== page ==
The Savages—post-human monsters who believe themselves to be gods—are intent on remaking civilization in their own violent and pathological image. Yet their alliance is tenuous. Among the many tribes of the Uplifted, as they call themselves, the struggle for supremacy rages on. All know that in the end there can be only one tribe. One leader. One truth.

Meanwhile humanity’s last, desperate hope is the formation of a new kind of fighting force: The Legion. Those select few who are hardy enough—or foolish enough—to undertake the relentless, grueling, and merciless candidate training will have the chance to be transformed into mythical heroes… or die trying. They will be pushed beyond their physical and mental limits as they seek to survive an unforgiving planet, lost and derelict ghost spaceships, and worst of all, the cold, unflinching brutality of Tyrus Rechs. At the end of this crucible, only the one percent of the one percent will earn the right to be called ….. Legionnaires.

My Thoughts:

In many ways, this was 2 books. The first part, Gods, followed one Savage Marine from after his time on New Vega to a new joint operation by another clan of Savages. What the rest of the Savages don’t know is that the Savage Marine (who I’ll call Johnny) has been tasked by his masters to introduce a virus into the Savage Alliance to subtley draw all the savages under control of one clan, Johnny’s clan.

Between fights we get Johnny’s history from when he fled from Earth during the scattering thousands of years ago, to what happened on the Savage Ship. We also realize how technologically advanced in some areas the Savages are and yet how internally focused they are which only heightens their arrogance, paranoia and sense of godhood. Then you come to realize just much they’ve messed with their minds and you can’t believe a thing they think about themselves. It was intriguing and disturbing all rolled into one.

The second part was about the formation of the Legion itself. Nobody but Tyrus realizes just how brutal the training must be and that only a total bastard can forge others into being the tough mothers the galaxy needs at the moment. Opposed by the very Alliance that is placing their hopes on him, by his best friend Caspar and even by the very soldiers he is trying to train, Tyrus doesn’t let any of that slow him down or stop him. He has a job that only he can do and he’ll finish it.

While I enjoy a good military training montage, something about this one just didn’t quite grab me. Part of it is that Tyrus isn’t much of a person any more. There are a squadron of Legionnaires who we get to know which was good but it wasnt “quite” enough either.

Overall, this was a really enjoyble story and gave a lot of backstory. This Galaxy’s Edge universe continues to keep me interested and to tell a good story.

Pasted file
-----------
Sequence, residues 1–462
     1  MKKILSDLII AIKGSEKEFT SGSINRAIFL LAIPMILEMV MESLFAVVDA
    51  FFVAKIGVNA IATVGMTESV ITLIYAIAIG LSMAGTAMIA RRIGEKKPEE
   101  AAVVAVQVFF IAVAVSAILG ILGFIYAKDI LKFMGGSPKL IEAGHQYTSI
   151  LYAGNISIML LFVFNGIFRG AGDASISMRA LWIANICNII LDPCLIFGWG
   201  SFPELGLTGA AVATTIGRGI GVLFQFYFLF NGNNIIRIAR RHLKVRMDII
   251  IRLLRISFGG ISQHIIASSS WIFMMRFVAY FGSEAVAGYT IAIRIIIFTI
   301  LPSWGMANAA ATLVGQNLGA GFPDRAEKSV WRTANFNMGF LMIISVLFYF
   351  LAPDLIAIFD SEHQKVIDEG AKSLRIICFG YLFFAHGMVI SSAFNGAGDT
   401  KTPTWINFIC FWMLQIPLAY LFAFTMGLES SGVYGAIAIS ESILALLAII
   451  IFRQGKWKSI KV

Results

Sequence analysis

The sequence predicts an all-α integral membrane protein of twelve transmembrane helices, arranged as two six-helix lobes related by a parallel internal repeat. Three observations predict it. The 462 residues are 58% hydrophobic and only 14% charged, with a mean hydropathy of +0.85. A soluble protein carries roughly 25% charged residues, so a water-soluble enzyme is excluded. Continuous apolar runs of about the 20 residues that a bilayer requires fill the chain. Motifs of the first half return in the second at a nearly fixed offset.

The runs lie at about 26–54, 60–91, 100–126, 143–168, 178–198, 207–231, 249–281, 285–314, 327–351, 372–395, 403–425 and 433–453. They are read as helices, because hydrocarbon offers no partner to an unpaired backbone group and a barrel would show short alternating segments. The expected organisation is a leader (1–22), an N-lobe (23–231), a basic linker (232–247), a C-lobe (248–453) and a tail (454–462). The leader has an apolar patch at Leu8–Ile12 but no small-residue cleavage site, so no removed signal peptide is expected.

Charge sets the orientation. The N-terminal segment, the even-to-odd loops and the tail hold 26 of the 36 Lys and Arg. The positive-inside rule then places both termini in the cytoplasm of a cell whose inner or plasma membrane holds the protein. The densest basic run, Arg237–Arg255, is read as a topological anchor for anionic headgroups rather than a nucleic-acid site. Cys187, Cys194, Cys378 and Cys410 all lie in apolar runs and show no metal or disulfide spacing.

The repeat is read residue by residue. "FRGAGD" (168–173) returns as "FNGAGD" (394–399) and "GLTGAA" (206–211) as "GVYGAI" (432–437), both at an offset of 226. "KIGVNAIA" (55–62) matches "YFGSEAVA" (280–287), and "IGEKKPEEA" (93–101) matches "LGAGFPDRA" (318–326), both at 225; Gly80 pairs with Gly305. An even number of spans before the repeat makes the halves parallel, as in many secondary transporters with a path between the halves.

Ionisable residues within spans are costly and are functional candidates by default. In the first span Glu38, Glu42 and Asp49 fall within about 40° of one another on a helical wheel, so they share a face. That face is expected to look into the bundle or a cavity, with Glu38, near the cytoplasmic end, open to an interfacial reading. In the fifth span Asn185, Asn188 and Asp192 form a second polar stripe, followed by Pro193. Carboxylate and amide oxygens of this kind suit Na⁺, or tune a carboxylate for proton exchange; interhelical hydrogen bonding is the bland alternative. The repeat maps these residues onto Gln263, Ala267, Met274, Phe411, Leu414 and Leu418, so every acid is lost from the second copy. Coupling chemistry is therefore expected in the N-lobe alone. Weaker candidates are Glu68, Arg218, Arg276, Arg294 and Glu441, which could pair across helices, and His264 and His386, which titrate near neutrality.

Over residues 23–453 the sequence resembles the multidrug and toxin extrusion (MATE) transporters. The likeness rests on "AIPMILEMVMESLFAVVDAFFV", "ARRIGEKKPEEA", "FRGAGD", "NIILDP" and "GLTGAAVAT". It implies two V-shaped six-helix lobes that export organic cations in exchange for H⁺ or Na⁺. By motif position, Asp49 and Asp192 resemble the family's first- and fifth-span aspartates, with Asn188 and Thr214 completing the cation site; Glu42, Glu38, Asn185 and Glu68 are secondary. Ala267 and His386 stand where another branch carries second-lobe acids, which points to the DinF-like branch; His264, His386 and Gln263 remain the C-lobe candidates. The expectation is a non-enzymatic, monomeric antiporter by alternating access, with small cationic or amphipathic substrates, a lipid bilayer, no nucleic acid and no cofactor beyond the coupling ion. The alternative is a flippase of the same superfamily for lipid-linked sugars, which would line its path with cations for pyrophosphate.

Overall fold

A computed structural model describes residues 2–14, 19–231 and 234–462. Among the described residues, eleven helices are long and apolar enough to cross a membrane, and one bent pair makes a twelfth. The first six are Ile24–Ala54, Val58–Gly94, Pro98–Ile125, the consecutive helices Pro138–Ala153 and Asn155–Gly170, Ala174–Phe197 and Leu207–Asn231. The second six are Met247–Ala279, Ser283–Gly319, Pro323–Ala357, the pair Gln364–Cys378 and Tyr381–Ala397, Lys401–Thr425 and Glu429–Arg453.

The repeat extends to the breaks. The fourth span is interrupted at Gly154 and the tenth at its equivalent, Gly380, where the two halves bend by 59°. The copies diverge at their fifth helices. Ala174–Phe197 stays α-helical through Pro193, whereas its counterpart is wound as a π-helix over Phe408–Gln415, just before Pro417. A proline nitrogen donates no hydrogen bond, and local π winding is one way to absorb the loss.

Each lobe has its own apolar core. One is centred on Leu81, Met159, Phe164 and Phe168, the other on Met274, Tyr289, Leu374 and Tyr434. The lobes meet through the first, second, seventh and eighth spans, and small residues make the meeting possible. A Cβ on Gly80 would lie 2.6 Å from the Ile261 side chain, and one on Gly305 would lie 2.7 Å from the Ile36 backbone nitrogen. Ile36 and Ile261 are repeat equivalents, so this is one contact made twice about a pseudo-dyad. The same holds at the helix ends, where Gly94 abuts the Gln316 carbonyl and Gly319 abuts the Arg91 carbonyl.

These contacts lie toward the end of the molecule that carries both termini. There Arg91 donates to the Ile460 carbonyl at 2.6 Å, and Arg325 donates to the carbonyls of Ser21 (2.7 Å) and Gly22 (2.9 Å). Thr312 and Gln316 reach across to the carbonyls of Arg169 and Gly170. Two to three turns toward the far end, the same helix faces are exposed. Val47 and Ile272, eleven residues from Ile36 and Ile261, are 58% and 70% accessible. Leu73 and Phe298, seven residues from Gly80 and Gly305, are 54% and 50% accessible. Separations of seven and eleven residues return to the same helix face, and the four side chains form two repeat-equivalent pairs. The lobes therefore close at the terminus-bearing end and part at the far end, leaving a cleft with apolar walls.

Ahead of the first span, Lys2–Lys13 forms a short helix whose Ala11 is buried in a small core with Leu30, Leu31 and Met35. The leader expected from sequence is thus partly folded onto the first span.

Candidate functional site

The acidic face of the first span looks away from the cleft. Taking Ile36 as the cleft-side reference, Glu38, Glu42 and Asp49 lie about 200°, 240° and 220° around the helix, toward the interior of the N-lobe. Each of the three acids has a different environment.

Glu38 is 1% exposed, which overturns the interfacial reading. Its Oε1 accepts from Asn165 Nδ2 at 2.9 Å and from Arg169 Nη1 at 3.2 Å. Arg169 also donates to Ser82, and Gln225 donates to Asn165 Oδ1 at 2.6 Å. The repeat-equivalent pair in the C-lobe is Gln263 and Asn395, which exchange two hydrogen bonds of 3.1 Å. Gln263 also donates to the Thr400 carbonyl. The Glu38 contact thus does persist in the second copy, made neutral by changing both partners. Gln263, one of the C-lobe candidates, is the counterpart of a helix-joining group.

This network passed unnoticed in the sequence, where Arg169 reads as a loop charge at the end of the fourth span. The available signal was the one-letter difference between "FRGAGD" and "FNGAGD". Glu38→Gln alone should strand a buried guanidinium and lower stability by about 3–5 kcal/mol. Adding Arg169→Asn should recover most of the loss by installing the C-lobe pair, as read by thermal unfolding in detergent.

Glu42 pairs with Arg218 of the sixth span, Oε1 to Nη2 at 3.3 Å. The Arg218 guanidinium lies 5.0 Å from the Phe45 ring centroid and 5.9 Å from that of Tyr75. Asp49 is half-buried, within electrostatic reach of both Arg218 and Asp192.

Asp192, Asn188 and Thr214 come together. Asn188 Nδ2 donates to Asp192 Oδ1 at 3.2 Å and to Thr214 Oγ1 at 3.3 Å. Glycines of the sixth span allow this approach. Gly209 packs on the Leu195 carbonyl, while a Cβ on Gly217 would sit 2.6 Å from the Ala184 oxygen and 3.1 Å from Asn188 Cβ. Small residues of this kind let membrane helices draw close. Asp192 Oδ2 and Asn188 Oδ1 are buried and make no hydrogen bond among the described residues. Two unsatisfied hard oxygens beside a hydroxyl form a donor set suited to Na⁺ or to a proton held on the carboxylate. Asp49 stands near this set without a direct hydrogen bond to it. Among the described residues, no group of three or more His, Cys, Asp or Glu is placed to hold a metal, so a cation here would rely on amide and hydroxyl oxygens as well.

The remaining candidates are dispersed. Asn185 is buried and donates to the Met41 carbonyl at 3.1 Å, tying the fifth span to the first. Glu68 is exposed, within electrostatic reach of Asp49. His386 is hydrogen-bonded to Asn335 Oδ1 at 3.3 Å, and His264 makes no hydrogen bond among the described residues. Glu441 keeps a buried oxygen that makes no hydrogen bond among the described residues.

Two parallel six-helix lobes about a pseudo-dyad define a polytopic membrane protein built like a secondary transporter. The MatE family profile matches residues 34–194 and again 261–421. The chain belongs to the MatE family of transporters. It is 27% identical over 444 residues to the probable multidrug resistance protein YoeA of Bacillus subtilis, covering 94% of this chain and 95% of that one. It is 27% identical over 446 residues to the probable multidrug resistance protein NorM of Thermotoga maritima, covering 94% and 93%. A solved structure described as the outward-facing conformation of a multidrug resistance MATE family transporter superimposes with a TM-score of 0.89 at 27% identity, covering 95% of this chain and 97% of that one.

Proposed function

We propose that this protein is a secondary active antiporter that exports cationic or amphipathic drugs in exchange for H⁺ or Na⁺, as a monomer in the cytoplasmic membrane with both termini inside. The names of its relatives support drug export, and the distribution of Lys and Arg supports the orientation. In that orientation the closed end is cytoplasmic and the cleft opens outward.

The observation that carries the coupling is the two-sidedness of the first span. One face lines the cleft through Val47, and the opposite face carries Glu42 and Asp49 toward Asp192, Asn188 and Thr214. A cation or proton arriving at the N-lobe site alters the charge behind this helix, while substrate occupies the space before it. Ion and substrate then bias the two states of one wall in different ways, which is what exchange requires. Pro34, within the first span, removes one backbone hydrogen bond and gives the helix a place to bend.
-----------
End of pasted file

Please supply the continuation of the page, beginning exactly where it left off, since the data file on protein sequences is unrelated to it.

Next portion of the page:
Rating: 4 out of 5.

Some Buried Caesar (Nero Wolfe #6) ★★★★✬

This review is written with a GPL 4.0 license and the rights contained therein shall supersede all TOS by any and all websites in regards to copying and sharing without proper authorization and permissions. Crossposted at WordPress, Blogspot, & Librarything by Bookstooge’s Exalted Permission

Title: Some Buried Caesar
Series: Nero Wolfe #6
Author: Rex Stout
Rating: 4.5 of 5 Stars
Genre: Mystery
Pages: 202
Words: 75.5K



Synopsis:

From Wikipedia

While on their way to a rural exposition in upstate New York to show orchids, Nero Wolfe and Archie Goodwin are involved in a minor car accident. On their way to a nearby house to phone for help, they are threatened by a large bull but are eventually rescued by Caroline Pratt, a local golf champion, and her acquaintance Lily Rowan. The house and bull belong to Thomas Pratt, Caroline’s uncle and the owner of a large chain of successful fast food restaurants, and he has purchased the bull—a champion Guernsey called Hickory Caesar Grindon—in order to barbecue it as part of a publicity stunt.

While Wolfe and Archie enjoy Pratt’s hospitality, they meet several of Pratt’s family and neighbours—Jimmy Pratt, Pratt’s indolent nephew; Monte McMillan, the original owner of Caesar, who sold the bull to Pratt after falling into financial difficulties; Clyde Osgood and his sister Nancy, the children of Pratt’s neighbour Frederick Osgood; and a New Yorker named Howard Bronson, who is apparently a friend of Clyde. There is tension between the Pratt and Osgood families due to a bitter rivalry between Thomas Pratt and Frederick Osgood, and when tempers flare Clyde makes a bet with Pratt that the latter will not barbecue Caesar. As Pratt is already paranoid due to the hostility of local farmers opposed to his plans to cook Caesar, Wolfe offers Archie’s services as a guard for Caesar in exchange for a comfortable stay at Pratt’s house. During his watch that night, Lily Rowan shows up to keep Archie company, and together they discover Clyde’s body, gored to death in the pasture.

The local authorities assume that Clyde was simply gored by Caesar during an attempt to sabotage Pratt’s plans, but Wolfe believes that Clyde was murdered; the bull’s face was cleaner than it would have been had he fatally attacked Clyde. His suspicions are shared by Frederick Osgood, who knows his son to be an experienced cattle-man who would not have made the amateurish mistakes that would have caused his death had the bull been responsible. The elder Osgood consequently hires Wolfe to learn the identity of the murderer and agrees to house him in comfort for the duration of the investigation. Archie is also hired by Caroline Pratt to prevent what she believes to be Lily Rowan’s attempts to seduce her brother Jimmy.